Reptiles –Lizards and snakes will be taking advantage of morning and evening sun and southern exposed rock formations (and roads) to warm themselves. Turtles will be seen basking on logs and banks of local ponds, streams and reservoirs.

Turkey Vultures - Vultures can be seen soaring high in the sky looking for food or on the ground utilizing expired animals. Also, look for them early mornings perched in a tree sunning themselves with their wings spread warming up. Starting around the last week in September turkey vultures will start migrating south for the winter to Mexico and Central America. Watch for turkey vulture migration roosts where many vultures congregate in groups in anticipation of the coming migration. Over a three week period and by mid-October all vultures will have migrated south. The vultures migrate in large groups (called a “kettle” of vultures) from 12 to 500 with the average being around 40 by riding hot air updrafts and southern thermals late in the afternoons. You can observe the beginning of the migration by looking very high in the sky in the afternoon to see a kettle of vultures soaring on the thermals heading south.

Migrating Birds - Many species of birds are starting their southward migration so look for species congregating at roosts and feeders or in the air just before or during migration. Some migratory species to watch are: ospreys, turkey vultures, swifts, swallows, cedar waxwings, and some species of flycatchers, warblers, finches and shorebirds.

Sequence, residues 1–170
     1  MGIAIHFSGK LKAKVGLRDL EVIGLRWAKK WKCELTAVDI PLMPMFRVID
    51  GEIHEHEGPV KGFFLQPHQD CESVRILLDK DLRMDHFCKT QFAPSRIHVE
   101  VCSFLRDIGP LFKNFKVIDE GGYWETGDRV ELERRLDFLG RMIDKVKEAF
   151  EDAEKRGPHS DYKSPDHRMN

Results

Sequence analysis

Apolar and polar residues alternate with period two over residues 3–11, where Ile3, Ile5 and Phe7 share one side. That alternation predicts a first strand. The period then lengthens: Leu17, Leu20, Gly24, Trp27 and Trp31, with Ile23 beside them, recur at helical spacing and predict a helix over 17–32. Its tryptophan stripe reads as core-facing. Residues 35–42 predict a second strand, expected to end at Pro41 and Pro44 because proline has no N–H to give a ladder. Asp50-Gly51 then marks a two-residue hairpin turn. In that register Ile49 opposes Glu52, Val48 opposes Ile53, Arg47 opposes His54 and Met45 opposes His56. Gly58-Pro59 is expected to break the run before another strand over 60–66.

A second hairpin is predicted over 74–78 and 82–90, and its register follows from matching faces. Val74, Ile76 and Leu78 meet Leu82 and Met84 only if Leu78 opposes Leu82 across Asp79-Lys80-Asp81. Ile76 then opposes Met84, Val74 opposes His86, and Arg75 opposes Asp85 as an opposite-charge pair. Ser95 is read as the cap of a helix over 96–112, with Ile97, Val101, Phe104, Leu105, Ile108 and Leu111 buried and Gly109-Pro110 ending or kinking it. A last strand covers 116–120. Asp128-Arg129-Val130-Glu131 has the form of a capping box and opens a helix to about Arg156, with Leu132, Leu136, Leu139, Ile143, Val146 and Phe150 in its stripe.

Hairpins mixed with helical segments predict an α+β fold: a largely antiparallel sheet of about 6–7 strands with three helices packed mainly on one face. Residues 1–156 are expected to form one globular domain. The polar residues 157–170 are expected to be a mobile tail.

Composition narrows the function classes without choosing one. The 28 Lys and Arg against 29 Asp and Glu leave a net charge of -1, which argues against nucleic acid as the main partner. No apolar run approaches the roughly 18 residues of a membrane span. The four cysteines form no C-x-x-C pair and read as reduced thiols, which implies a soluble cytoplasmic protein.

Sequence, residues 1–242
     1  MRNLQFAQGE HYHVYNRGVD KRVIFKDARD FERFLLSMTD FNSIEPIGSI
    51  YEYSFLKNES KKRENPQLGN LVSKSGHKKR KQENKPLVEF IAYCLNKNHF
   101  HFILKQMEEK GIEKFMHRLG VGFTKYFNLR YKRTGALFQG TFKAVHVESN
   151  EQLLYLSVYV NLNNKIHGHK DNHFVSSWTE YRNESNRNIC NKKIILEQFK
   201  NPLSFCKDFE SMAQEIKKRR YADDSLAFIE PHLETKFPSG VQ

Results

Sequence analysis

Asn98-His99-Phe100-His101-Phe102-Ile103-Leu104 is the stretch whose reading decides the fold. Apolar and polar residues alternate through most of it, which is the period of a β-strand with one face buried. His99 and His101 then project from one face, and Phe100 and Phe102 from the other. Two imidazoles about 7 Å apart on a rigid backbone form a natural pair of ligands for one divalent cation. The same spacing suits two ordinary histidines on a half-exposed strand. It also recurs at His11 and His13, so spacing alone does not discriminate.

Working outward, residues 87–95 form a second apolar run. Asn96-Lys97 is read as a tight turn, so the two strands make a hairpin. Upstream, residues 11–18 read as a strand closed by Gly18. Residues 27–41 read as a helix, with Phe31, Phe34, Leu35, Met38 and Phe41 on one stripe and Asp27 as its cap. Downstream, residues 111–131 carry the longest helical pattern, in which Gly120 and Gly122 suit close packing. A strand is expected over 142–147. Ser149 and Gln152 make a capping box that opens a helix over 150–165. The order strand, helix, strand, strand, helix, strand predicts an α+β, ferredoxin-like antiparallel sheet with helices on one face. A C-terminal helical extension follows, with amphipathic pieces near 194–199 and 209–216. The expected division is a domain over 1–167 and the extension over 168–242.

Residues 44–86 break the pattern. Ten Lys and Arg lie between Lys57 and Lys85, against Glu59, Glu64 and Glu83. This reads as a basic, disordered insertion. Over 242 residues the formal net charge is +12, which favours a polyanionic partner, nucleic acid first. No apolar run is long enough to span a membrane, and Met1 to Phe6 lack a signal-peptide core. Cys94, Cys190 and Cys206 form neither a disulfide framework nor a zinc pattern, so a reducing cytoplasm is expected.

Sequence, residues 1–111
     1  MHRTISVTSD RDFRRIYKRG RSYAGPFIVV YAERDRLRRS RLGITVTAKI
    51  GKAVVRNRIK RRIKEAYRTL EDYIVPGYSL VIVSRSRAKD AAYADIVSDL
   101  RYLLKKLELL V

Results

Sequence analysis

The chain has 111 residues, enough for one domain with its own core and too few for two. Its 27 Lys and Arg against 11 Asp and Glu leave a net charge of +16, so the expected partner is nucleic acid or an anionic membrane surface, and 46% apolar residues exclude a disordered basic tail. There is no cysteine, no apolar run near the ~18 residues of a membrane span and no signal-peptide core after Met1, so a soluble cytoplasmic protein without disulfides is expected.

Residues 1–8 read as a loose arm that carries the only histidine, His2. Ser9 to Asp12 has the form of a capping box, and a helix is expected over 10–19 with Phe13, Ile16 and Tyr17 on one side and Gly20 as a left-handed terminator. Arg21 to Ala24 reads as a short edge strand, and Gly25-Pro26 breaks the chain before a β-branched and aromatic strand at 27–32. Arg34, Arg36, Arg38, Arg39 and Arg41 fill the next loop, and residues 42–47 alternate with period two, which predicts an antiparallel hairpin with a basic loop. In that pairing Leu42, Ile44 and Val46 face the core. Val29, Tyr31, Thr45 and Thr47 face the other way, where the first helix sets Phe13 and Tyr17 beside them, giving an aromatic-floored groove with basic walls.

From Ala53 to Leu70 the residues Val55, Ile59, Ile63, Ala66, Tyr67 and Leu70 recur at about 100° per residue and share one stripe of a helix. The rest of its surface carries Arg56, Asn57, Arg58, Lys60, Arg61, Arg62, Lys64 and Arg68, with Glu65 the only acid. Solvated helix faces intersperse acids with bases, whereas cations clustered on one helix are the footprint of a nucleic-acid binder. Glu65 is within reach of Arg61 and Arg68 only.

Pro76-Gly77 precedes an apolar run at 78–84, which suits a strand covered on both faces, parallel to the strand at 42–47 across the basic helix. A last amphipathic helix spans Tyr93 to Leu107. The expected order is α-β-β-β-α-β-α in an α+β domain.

Hummingbirds –Avoid the commercial hummingbird mixture you can buy in the store since the red dye can produce digestive problems for these small birds. Remember that you can make your own hummingbird food utilizing 4 parts water to 1 part sugar ratio but always make sure the sugar goes completely into solution before hanging up for use.

Common Nighthawk –The nighthawk is a darkish colored bird 9.5 inch long with long pointed wings and white wing patches. Nighthawks are commonly observed flying high in the evening sky catching insects on the wing emitting a nasal peent call. This migratory bird is one of the last birds to migrate to North America for nesting. It can be seen and heard in Western Oregon from cities and towns to woodlands and forests.

Gamebirds –Coveys of California quail are common on the Umpqua Valley floor usually associated with blackberry cover and water. Many blue and ruffed grouse and their young are found in mid to high elevation forested areas in our local mountains. Wild turkeys are very common throughout the Umpqua Valley, usually on private lands in oak savannah habitat. Most pheasants are found in central Douglas County associated with pastures and ranches.

Bats –Look for bats at dawn and dusk. Watch street lights and water bodies, where insects concentrate, bats may show up to eat up to 1000 insects per hour.

JACKSON and JOSEPHINE COUNTIES

Mourning doves are found throughout the valley where ever there are open grain fields. They are a fast flying, graceful, wing whistling birds. They feed on small seeds of weeds and various grains. A species that is similar but larger and is not a native of our area is the Eurasian collared dove. They are seen around residential areas and have known to visit bird feeders. They have similar behavior habits however unlike the pointed tail of the Mourning dove their tail will be square shaped.

Denman Wildlife Area